Category: Conflict

The Unseen World

The Unseen World

When you change the way you look at things, the things you look at change.

The Unseen World is a world that is hidden from many of us. It’s in plain sight

but we cannot see it. It’s like something that is in front of us but we never

noticed it before. Like, we look in a mirror and we notice something that has

always been there – but we sometimes need to take a second look.

You know the expression that people see the world through rose tinted

glasses or dark glasses? What you need to remember is that we have a

choice, even though we think we haven’t – as you will see – we do.

The Darwin Matrix process provides powerful insights into how we might be

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Bad things happen, and we may suffer, but suffering or the degree of

suffering is choice not a destination.

This implies that our past experiences may have created who we are today,

but we don’t need to hang on to the past. This is perhaps easier said that

done, but it can be done. We can change the way we think.

A dear friend of mine confessed that she had been sexually molested by a

priest when she was very young. I wasn’t probing into her private life – she

just felt she could trust me. Though the experience was a bad one and it had

affected her deeply the real issue was that she felt was that it affected her

ability to have relationships – but she didn’t know how. The obvious immediate

reaction you could understand – was that she didn’t trust men for a long time.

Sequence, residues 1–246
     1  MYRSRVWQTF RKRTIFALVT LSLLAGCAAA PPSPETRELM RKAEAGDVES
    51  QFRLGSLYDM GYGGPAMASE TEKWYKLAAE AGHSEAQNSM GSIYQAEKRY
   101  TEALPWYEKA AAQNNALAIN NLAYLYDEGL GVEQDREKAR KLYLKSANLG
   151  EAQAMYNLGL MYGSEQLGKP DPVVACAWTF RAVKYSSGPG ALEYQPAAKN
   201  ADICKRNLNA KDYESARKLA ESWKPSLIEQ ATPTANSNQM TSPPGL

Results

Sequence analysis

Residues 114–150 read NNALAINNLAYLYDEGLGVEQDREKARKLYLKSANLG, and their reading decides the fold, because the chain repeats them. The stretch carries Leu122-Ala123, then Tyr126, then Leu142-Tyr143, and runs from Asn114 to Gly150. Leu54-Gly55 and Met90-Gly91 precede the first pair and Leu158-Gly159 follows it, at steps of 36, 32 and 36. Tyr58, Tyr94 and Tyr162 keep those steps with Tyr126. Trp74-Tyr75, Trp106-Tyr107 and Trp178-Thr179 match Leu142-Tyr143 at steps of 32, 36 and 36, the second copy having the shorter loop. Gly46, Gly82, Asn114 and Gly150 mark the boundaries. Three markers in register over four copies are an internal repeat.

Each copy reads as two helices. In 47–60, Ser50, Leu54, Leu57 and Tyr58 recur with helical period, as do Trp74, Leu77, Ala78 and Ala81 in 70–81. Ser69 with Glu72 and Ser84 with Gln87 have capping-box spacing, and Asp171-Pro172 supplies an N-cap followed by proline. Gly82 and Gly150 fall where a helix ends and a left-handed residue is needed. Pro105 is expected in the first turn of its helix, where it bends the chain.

She also believed that her first choice in marriage was a bad one, in that she

had sought a relationship which compounded her feelings of insecurity rather

than released her. He was abusive and what made the situation a lot worse

was that he abused her daughter. They are no longer married.

The reason I mention this episode was that it illustrates a keen point – that we

are indeed a product of our past experience – but we do not need to be

possessed or controlled by those bad experiences. If we allow these bad

experiences to dictate how we behave and make choices then we are at the

mercy of those events. This is a choice. You may say that in the whirlwind of

the traumas she experienced that she wasn’t in a position to make choices

and there is some truth in that. However, if she understand what is going on

around her – she might realise that she always had a choice but felt she

didn’t. The priest would have used his influence of trust to abuse her. As a

young girl she would be encouraged to be in a world where saying “Yes” to

please someone is the norm.

This is an important starting point on our journey of self realisation. Learning

how to say “No” –